Failure to prove employer knowledge of injury dooms clerk's claim
Gibson v. Ada County Sheriff's Office, No. 34368-2009-81 (Idaho 06/08/09).
The Idaho Supreme Court concluded that a records clerk's claim for benefits was barred because she failed to show that her employer had actual knowledge of her injury.
What it means: In Idaho, an employer has actual knowledge of a psychological workplace injury if the employee also suffered "violence to the physical structure of her body" and the employer was aware of the physical injury.
A former sheriff's office records clerk alleged she suffered from post- traumatic stress disorder after she was investigated for a payroll discrepancy. Detectives interviewed her and she was eventually terminated. Two years later, a psychiatrist diagnosed her with PTSD due to the interviews. He stated her condition should be considered physical as well as mental because it involved changes to brain structures. The court noted Idaho's law requires a psychological injury to be both physical and a mental to be compensable. It also requires that an employer have "considerable knowledge" of the physical injury if the employee fails to notify the employer she was injured. The employer argued that it did not have knowledge of a physical injury arising out of the interviews, as the clerk denied she suffered any physical injury until the psychiatrist's diagnosis two years later. The Idaho Supreme Court upheld the denial of her claim, holding that the employer did not have the requisite knowledge of a physical injury to excuse her failure to give proper notice.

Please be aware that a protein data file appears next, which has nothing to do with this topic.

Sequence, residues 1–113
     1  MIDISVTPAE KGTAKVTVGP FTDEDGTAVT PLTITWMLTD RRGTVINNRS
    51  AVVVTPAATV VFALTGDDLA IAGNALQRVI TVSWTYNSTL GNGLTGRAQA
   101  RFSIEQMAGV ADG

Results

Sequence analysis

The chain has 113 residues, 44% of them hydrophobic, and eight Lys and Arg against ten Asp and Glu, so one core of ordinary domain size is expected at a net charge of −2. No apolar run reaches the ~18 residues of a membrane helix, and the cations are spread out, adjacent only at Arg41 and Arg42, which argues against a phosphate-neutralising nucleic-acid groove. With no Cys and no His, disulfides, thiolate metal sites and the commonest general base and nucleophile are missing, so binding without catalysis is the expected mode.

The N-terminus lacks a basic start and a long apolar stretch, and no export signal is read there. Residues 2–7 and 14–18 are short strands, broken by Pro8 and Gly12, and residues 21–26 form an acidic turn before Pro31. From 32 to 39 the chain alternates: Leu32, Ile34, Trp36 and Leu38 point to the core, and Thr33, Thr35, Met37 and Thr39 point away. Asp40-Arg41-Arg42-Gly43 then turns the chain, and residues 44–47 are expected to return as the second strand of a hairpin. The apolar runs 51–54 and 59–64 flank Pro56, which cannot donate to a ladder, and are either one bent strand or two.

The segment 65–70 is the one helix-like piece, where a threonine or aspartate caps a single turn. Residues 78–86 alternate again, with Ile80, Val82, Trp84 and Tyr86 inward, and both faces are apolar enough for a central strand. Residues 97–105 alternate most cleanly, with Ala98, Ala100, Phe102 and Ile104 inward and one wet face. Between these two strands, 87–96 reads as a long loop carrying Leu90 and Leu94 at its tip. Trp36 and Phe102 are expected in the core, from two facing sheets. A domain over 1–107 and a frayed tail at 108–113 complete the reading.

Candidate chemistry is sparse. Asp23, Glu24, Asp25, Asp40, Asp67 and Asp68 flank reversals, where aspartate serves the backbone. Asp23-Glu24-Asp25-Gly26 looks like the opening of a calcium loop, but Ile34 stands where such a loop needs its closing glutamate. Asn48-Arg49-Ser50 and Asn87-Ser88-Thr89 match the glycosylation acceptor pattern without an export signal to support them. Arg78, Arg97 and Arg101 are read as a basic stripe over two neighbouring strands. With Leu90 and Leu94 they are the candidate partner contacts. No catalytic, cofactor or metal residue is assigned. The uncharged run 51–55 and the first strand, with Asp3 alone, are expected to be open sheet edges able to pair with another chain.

The clerk also claimed she suffered anxiety, depression, panic attacks, poor memory, and the inability to focus. She argued that her employer knew that she suffered a "psychological workplace injury" and that she had manifested symptoms. The court pointed out it did not matter whether the employer knew about her psychological symptoms. The pertinent inquiry was whether it had considerable knowledge of "violence to the physical structure of her body." It noted the clerk did not make the "brain injury" claim until over two years later, and ruled the employee was not entitled to benefits. The panel also said that the worker could be subjected to penalties for fraud.
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July 16, 2009
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